The opening of the Flushed with Pride Gallery, March 2002

Opening speech made by Terry Woolliscroft, representing the main sponors Twyford Bathrooms, Armitage Shanks and Thomas Crapper.

Thank you, Mr Bill Austin - my Lord Mayor.  Well, what a fantastic day this is! There were times, some years ago when we were in the planning stages, when we thought today might never happen. But here we are! It is happening. Excellent!

And thank you also, Hamish Wood, the Museum Manager, for asking me to say a few words.
And what better place to say them than here on the balcony just outside the new Sanitaryware Gallery ‘Flushed with Pride.’

Gladstone Pottery Museum Story - March 2002
Terry Woolliscroft represents the Sanitaryware Industry during the opening speeches

I'm here to represent the sanitaryware industry. There are two main players in sanitaryware production in the UK - that's Twyford Bathrooms and Armitage Shanks - there is also a smaller company called the Thomas Crapper Company, and these three companies have been major sponsors in the development of the new toilet galleries.

Did you know that together they've contributed almost £100,000 in artifacts, cash and sheer hard work. And I can safely say, on behalf of the industry, we're delighted to see the results here today.
Twyford Bathrooms was one of the very first industrial sponsors of Gladstone Pottery Museum when it opened way back in April 1975. In those early days the original sanitaryware gallery consisted almost entirely of the Twyford's Collection.

25 years ago that original sanitaryware gallery was put together for about £200 - a touch less than the £21.5 million affair we see today! And rather than the army of people that has worked on today's galleries, the original was assembled and curated almost single handedly by a very big friend of mine. She laid the foundations for the galleries and for today's event. Where is she? My big friend - the wife! Pam.

Gladstone Pottery Museum Story
Original Toilet Display  1980 Curated by Pam Woolliscroft

The new galleries really are really worth every penny, though, aren't they? Excellently designed and displayed it’s great to see how the sanitaryware industry has grown. How sanitation originated from its humble beginnings.  And it wasn’t so long ago was it? Just 120 years, its nothing in the history of mankind!

And we know we can put down the development of sanitation to just a few Victorian men. Here in Staffordshire, Thomas Twyford was one of them. A local chap, Potteries born and bred! And we can be proud of him.

His factory is still a major producer and employer in the Potteries. Around 3 million pieces of pottery go from our local factory every year. You know, I really do think it’s about time we created a statue of him in the City!

So today we open the excellent new sanitaryware gallery and congratulations to the Gladstone team for putting it all together.

It remains for me to say that it really has been a delight working with the team. The industry has cooperated like never before and I must thank Sam Woodberry of Armitage Shanks and Simon Kirby of the Thomas Crapper Company. It’s been a pleasure working with them. And many thanks go to Hamish Wood, and Angela Lee and the team here at Gladstone, and to Munroe Blair the local sanitaryware historian who did the "sense" checking.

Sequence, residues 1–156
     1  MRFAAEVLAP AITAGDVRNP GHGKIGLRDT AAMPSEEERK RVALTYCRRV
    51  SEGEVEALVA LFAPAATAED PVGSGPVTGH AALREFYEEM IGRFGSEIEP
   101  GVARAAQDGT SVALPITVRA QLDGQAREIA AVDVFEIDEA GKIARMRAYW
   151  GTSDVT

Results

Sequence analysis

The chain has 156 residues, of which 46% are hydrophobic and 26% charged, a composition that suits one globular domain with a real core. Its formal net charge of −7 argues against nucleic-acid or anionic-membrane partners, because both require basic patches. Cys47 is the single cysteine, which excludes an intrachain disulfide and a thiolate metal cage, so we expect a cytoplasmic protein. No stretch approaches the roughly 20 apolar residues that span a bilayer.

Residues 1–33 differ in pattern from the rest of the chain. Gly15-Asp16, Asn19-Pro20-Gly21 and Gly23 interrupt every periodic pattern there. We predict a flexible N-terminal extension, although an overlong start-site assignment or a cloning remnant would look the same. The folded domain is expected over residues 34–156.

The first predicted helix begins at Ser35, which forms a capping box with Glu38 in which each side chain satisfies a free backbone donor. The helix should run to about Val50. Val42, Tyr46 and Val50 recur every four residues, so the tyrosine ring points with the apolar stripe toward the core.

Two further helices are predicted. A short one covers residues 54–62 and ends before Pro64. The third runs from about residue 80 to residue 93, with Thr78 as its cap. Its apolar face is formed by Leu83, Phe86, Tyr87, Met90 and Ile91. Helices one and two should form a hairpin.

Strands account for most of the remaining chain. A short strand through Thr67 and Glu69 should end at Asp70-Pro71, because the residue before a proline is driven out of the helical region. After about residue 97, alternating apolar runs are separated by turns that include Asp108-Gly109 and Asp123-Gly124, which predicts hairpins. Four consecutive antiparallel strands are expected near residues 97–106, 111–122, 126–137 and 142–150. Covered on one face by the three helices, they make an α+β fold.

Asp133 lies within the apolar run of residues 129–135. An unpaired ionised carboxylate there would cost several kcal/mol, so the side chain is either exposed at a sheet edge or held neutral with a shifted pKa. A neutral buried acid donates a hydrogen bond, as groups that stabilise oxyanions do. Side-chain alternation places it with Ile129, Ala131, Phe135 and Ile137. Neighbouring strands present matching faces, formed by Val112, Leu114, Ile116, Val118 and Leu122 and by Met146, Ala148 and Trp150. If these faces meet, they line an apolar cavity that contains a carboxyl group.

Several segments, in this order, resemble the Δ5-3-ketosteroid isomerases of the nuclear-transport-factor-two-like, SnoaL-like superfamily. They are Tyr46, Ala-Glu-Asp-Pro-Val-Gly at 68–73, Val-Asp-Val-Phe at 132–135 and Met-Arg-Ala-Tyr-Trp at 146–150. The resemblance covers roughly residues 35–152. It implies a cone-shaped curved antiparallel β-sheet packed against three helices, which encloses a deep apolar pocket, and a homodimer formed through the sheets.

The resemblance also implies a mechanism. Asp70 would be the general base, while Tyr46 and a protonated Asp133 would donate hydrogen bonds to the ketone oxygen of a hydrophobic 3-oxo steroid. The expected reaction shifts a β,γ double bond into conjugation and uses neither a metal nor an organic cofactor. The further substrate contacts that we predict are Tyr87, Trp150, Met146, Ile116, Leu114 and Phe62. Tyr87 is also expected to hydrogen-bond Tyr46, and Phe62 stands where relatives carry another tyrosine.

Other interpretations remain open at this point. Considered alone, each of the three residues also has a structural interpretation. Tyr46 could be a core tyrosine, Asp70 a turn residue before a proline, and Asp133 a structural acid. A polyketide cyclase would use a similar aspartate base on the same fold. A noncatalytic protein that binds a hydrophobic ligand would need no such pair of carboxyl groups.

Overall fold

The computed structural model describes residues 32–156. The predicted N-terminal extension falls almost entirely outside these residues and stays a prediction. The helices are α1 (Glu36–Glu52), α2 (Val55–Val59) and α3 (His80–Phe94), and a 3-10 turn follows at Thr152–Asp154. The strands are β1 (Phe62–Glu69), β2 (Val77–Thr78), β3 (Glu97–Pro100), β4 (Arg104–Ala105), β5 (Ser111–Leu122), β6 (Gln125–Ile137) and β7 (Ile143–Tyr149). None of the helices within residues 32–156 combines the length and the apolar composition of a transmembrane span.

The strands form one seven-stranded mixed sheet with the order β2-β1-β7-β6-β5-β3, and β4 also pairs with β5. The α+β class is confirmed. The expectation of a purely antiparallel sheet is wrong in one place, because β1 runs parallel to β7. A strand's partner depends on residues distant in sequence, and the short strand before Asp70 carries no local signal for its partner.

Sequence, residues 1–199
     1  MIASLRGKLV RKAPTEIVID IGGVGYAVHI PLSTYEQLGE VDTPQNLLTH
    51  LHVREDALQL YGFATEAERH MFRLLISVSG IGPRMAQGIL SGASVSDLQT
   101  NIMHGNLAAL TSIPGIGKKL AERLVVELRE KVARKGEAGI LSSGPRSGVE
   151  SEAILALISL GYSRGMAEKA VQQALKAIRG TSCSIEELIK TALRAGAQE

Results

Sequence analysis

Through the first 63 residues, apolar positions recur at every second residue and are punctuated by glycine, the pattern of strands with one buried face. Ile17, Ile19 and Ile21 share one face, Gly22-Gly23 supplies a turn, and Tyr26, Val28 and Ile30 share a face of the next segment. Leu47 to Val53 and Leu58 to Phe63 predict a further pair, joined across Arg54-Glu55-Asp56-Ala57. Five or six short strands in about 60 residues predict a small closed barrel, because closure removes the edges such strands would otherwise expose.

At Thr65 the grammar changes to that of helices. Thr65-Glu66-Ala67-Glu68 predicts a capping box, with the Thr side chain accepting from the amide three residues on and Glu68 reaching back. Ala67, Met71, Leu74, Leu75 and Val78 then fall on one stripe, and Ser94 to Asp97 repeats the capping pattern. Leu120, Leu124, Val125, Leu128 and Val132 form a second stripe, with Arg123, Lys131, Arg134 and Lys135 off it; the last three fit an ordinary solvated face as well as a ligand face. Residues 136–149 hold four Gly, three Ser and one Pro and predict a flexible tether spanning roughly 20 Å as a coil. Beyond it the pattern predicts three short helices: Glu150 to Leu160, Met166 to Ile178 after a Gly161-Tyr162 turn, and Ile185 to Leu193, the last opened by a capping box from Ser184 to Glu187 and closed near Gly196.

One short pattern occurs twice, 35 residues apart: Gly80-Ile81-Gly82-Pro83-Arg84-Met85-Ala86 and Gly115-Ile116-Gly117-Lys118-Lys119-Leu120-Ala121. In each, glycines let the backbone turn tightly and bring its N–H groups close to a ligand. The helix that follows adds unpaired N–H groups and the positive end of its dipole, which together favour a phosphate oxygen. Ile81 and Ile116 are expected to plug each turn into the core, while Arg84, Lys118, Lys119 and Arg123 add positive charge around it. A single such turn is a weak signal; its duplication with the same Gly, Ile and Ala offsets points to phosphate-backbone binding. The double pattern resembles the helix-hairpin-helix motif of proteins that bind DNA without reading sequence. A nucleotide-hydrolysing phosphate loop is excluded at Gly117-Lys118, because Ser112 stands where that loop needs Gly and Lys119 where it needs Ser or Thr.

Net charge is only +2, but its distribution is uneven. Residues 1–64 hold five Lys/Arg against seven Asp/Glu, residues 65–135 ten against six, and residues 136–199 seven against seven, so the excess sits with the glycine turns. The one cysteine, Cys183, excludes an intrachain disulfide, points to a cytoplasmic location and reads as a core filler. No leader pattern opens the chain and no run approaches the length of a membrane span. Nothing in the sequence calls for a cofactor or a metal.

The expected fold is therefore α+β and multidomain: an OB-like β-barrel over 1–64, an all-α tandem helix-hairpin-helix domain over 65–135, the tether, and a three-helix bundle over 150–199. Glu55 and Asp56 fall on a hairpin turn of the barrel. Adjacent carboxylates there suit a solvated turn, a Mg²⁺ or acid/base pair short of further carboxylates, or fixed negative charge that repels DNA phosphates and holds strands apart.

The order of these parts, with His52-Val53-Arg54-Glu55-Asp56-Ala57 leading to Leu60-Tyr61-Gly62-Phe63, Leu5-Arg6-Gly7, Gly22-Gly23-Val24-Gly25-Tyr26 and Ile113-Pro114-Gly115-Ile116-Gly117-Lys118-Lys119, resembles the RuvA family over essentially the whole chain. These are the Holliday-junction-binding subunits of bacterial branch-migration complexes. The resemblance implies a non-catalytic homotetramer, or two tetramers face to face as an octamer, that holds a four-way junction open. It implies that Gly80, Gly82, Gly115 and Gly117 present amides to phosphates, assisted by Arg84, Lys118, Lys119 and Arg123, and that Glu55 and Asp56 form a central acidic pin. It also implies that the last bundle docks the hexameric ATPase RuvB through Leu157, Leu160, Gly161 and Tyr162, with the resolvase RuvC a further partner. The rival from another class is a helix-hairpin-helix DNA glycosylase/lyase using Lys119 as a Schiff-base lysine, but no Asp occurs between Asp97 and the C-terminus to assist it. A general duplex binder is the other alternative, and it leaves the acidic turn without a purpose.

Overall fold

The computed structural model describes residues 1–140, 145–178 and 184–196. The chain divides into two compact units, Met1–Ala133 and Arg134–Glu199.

And of course we shouldn't forget our Australian friend, Kellene Paull, who did much of the ground work for the displays.

So here we are the great day did arrive and we've now got the Official Civic Opening we longed for and we really can be Flushed with Pride!   Thank you.  more photos>


1964  Gladstone and a germ of an idea 

In October 1964 Reginald G Haggar wrote to the Pottery Gazette and Glass Trade Review with his visionary thoughts about preserving a potbank for the benefit of future generations.

The editor of the magazine wrote  "In our news pages, Mr. Reginald Haggar, well-known author and artist, makes an impassioned plea for preservation of the historical Potteries in the form of bottle ovens (“beautiful”) and even a whole factory as a complete industrial museum. Those of us who love the area with all its character and idiosyncrasies would back his plea, and hope that something can be done to preserve the old, whilst acknowledging the benefit of modern methods in present-day production of the Six Towns.’

Here is Mr. Haggar's letter in full.  
The germ of an idea and the beginnings of Gladstone Pottery Museum.

Gladstone hosts the Fifth Longton Beer Festival

The multi-award winning Gladstone Pottery Museum, which is now recognised as among the top three visitor attractions in England, played host to the 5th Annual Longton Beer Festival

The beer festival took place in the unique setting of the yard of Gladstone Pottery Museum on the evenings of Thursday 2nd, Friday 3rd and Saturday 4th July 2015. Admission to the event cost £5 and this included a souvenir beer tankard.

The following groups played:
Thursday 2nd Greg Murray and the seven wonders
Friday 3rd       Moitessier
Saturday 4th        The Maxxx
Stoke Soul Club provided DJ support on all three evenings

The event sold out on the Friday and Saturday evenings.  Another stunning success for the museum, its staff and volunteers

Gladstone Pottery Museum - Longton Beer Festival 1st Night - 2nd July 2015
photos: Phil Rowley

Gladstone Pottery Museum - Longton Beer Festival 3rd night - 4th July 2015
photos: Pam Woolliscroft
Gladstone Pottery Museum - Longton Beer Festival 3rd night - 4th July 2015
photos: Pam Woolliscroft